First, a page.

Pump speed adjustment is not appropriate for
all systems. In applications with high static head,
slowing a pump risks inducing vibrations and
creating performance problems that are similar
to those found when a pump operates against its M Werktuig flow
shutoff head (zero flow through the system). For Process
systems in which the static head represents a net/distributie regelaar motor overbrenging
large portion of the total head, caution should be
used in deciding whether to use VFDs. Operators koppel,
should review the performance of VFDs in similar snelheid,
applications and consult VFD manufacturers to avoid tijd
the damage that can result when a pump operates
too slowly against high static head.

Motor driven systems

Pumps are part of a motor driven system, comprising
the pump, the motor, the coupling between them and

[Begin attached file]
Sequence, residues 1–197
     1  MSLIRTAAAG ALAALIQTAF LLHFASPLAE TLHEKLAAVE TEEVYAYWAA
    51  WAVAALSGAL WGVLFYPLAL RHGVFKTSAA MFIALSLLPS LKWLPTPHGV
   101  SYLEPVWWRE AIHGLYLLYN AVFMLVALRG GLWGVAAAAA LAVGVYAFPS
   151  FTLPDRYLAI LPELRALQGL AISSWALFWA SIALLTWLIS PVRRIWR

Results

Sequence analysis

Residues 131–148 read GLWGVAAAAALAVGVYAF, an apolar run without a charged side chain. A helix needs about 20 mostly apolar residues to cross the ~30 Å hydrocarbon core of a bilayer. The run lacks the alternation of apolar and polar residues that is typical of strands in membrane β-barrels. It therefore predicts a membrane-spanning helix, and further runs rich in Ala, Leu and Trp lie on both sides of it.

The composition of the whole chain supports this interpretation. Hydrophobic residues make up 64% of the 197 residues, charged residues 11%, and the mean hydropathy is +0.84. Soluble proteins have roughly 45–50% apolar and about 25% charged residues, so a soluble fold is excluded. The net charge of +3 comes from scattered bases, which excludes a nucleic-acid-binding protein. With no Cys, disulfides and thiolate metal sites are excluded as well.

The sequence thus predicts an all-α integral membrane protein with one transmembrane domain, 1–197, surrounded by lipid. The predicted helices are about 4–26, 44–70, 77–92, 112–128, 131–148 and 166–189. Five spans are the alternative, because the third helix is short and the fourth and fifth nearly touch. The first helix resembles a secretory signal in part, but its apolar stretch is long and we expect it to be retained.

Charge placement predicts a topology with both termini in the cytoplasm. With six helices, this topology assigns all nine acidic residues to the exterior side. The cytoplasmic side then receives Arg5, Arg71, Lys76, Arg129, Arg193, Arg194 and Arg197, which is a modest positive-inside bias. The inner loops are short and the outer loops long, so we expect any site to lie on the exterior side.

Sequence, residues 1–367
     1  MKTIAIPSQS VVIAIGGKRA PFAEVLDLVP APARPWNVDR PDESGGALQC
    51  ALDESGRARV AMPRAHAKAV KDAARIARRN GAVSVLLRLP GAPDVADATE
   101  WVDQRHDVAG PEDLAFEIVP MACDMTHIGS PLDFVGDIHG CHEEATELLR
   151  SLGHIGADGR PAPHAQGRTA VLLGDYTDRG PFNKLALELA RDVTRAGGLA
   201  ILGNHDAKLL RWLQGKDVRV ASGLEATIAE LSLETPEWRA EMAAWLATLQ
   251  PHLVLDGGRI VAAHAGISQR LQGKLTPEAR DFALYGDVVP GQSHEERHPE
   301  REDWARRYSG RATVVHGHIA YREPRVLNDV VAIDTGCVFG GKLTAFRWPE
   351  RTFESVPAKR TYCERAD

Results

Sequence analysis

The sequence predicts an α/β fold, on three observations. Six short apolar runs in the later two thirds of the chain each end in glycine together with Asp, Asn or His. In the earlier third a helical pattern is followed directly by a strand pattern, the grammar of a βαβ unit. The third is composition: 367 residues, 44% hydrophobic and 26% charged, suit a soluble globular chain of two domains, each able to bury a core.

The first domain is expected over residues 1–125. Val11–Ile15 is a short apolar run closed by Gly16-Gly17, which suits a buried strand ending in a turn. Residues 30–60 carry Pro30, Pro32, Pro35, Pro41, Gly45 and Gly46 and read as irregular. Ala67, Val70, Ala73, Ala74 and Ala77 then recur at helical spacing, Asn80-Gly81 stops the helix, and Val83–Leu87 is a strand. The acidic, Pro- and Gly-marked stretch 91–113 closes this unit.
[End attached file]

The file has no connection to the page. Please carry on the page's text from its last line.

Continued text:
Process Mains the capacity control system.
Fluid dbac When looking for an optimum in performance and
Outlet k
energy efficiency one should always look at the total
Spiral Casing Control, system for the best cost effective solution.
with Impeller Motonitoring
Coupling Savings in the order of 20-30 % on the energy
Fluid Electric efficiency are possible.
Inlet Motor

The Best Practices for individual parts (high

20-3 gs efficiency motors, capacity control and variable speed
savi drives) are given in separate documents

Driven system / process: OD, transmission, pump: Motor: Source: Spice3 workshop SBE September 2014
5% - 25% 5% - 25% 0,1% - 10% presentation efficient motor drives
Pumping Systems
2 | Pumping Systems

VNCI | Best Practice Pump Control SCP

In a pumping system, the objective, in most cases, is to transfer a liquid from a

source to a required destination. Pressure is needed to make the liquid flow at

the required rate and this must overcome losses in the system. Losses are of two